reactions.
Retinoic acid and its effect on cellulite adipose
tissue
Topically applied retinol 0.3% over a period of 6
months or more has been shown to improve cellulite.38,39 These effects may be related to the known
effects of retinoids (increasing dermal collagen
thickness and improving the contour of elastic
fibers). Studies have also shown an increase in factor
XIIIaepositive dendrocytes. Retinol itself can act as
an antiadipogenic agent by inhibiting the differentiation of human adipocyte precursor cells.
Carboxy therapy
Carboxy therapy is a treatment in which carbon
dioxide is injected into the subcutaneous tissue. This
treatment purports to affect fat cells and circulation.40 Brandi et al41 showed increased skin elasticity
up to 55.5% when combined with liposuction for the
treatment of cellulite on lateral thighs. A proposed
mechanism may be related to a hypercapnia-induced rise in capillary blood flow, a drop in cutaneous oxygen consumption, or a right shift of the
oxygen-dissociation curve (Bohr effect). This effect
might account for the positive affect on the physiologic oxidative lipolytic process.41
Peroxisome proliferator-activated receptor
agonists and their effect on cellulite
Peroxisome
proliferator-activated
receptors
(PPARs) are a recently discovered family of nuclear
transcription factors,42,43 and three PPAR receptor
types (PPAR-a, PPAR-b, and PPAR-g) have been
characterized. PPARs bind to the peroxisome proliferator response element within the promoter region of the DNA in the target gene in the form of
heterodimers with the retinoid X receptor (RXR). All
PPARs are found in adipocytes. Petroselinic acid and
conjugated linoleic acid have been reported as
potent PPAR-a activators, improving epidermal differentiation, reducing inflammation, increasing extracellular matrix components, and eliciting skin

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Khan et al 381

VOLUME 62, NUMBER 3

tightening. They are also known to induce uncoupling protein-1 (UCP-1) levels. Like retinoids, they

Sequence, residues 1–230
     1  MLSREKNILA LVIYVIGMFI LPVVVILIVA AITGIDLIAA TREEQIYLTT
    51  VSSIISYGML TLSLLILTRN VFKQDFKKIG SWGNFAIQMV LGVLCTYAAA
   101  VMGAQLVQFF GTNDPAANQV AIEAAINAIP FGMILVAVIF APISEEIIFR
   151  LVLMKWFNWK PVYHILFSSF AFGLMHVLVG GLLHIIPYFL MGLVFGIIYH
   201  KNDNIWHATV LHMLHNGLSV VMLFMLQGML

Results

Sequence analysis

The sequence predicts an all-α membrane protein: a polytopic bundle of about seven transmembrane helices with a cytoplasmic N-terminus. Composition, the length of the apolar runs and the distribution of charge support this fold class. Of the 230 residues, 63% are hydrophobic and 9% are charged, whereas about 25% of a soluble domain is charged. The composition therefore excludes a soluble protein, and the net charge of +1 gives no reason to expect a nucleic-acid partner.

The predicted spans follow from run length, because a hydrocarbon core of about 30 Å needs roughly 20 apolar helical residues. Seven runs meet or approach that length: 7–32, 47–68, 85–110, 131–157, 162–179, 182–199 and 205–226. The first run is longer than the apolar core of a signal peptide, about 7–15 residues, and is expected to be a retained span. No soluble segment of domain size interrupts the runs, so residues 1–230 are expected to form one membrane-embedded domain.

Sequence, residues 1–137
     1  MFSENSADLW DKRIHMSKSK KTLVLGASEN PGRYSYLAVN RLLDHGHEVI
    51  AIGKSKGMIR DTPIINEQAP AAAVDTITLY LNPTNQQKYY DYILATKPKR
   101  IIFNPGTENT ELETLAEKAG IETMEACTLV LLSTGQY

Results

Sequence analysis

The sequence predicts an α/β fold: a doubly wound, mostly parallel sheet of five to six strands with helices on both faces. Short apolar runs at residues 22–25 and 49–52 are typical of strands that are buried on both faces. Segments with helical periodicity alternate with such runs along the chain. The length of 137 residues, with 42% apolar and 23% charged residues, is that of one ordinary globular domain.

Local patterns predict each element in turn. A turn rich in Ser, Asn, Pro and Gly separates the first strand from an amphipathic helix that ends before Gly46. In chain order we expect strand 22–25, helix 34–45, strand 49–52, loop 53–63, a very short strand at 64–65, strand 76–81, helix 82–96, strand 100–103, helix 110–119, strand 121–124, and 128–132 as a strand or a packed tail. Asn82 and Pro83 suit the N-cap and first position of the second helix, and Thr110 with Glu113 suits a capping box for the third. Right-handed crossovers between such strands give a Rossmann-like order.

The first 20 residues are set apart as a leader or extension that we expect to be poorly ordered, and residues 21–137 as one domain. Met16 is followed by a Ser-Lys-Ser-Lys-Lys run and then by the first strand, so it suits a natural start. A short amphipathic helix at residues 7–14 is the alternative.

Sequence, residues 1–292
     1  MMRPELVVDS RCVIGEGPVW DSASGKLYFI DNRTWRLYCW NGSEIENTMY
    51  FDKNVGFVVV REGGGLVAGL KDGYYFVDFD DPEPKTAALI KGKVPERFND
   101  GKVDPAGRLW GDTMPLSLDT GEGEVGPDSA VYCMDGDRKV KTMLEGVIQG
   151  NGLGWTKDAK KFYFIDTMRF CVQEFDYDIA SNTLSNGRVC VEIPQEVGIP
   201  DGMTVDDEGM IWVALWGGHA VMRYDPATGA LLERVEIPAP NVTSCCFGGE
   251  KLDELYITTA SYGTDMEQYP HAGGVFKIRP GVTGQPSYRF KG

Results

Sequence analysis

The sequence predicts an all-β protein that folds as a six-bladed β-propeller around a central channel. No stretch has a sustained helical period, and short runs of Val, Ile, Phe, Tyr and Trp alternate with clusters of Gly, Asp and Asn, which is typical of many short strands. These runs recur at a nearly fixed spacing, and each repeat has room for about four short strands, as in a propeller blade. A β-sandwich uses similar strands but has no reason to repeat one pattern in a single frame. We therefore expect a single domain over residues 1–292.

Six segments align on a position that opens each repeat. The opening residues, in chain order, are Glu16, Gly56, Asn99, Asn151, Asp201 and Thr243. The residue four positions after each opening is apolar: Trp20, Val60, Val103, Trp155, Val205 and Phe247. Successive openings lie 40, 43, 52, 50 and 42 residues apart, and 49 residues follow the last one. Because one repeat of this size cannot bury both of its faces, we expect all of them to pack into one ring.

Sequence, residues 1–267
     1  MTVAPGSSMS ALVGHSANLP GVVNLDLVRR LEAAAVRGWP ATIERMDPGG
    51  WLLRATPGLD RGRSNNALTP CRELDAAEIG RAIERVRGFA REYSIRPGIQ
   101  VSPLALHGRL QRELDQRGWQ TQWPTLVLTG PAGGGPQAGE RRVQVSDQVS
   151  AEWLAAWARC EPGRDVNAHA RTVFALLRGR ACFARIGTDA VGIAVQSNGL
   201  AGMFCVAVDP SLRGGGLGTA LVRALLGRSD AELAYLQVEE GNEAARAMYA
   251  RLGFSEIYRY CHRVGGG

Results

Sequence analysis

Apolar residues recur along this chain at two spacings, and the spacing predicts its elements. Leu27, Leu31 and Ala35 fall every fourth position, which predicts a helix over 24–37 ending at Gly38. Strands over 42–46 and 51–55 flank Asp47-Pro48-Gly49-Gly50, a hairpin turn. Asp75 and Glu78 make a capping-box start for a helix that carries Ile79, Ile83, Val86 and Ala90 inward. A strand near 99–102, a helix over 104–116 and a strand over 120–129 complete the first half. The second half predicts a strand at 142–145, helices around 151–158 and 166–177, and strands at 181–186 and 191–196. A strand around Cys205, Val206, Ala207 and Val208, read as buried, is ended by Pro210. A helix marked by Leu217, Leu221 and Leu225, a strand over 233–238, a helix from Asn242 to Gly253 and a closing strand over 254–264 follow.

also deliver pleotropic benefits. In vitro studies have
shown that conjugated linoleic acid can prevent lipid
accumulation in adipocytes.

ADVANCES AND NEWER APPROACHES IN
THE TREATMENT OF CELLULITE
Key points
d

d

d

Perilipin A protein, located on adipocytes, controls adipogenesis and adipolysis—effects that
are mediated via estrogen-receptor related
receptorea and PPAR-a, respectively
Characterization of cellulite adipose tissue
(white vs brown) is essential in order to better
understand the cellulite physiology and to
explore newer treatment options
Selective cryolysis is a new technique that
might have potential for cellulite treatment

Perilipin A, estrogen-related receptorea, and
PPAR-g in adipocyte regulation
Perilipin A is one of the most abundant proteins of
adipocytes; it regulates adipogenesis and adipolysis.
The process is regulated through phosphorylation by
the catecholamine c-AMP/protein kinase A cascade.44 Expression of perilipin-A is markedly elevated during adipocyte differentiation. It has been
proven that PPAR-g is responsible for this regulation.45 PPAR-g is the master regulator of adipogenesis, but the orchestrated actions of many other
transcriptional factors are also important for the full
development and maintenance of adipocytes.
Estrogen-related receptorea (ERR-a) is likely to be
one of such transcriptional factors, based on its
elevated expression during adipogenesis and the
lean phenotype of ERR-a null mice.46 Perilipin A is
located on the lipid droplet surfaces in adipocytes
and steroidogenic cells. It plays a major role in both
the accumulation and mobilization of lipids in adipocytes. At a basal rate, this protein protects the
stored triglyceride core in the lipid droplet from the
attack of lipases. Once phosphorylated by protein
kinase A upon stimulation by catecholamines, perilipin allows or even recruits lipases to access lipid
droplets, resulting in active lipolysis. Perilipin gene is
a target of ERR-a, which under basal conditions
promotes adipogenesis. In addition, ERR-a is present
in white adipose tissue, a major lipid storage
depot of the human body. This might explain
the high affinity of gluteal and femoral receptors
to circulating estrogen and high rate of adipogenesis and considerably lower rates of adipolysis
under normal conditions. The perilipin gene is
also a target for PPAR-g; the stimulation of which

leads to inhibitory effects on adipogenesis and
promoting lipolysis.47 Therefore, the control of
adipocyte differentiation varies greatly among different body sites, and a complex network of
transcriptional factors controls energy metabolism.
Other newly discovered hormones, such as grehlin
and PYY-36, might have a role in controlling
hunger at the level of satiety center in the hypothalamus and central obesity. However, their role
in the pathophysiology of cellulite still remains to
be shown.
Conversion of white adipose tissue to brown
adipose tissue and vice versa
Because of the antilipogenic properties of retinoic acid agonists and PPAR receptor agonists,
along with their unique ability to induce UCP-1,
they have become targets in the search for the cure
of cellulite.
Although evidence to support their use both in
humans and in vivo is still lacking, there have been
interesting reports of the use of these agonists to
convert white adipose tissue (WAT) to brown adipose tissue (BAT) in vitro mainly via the induction of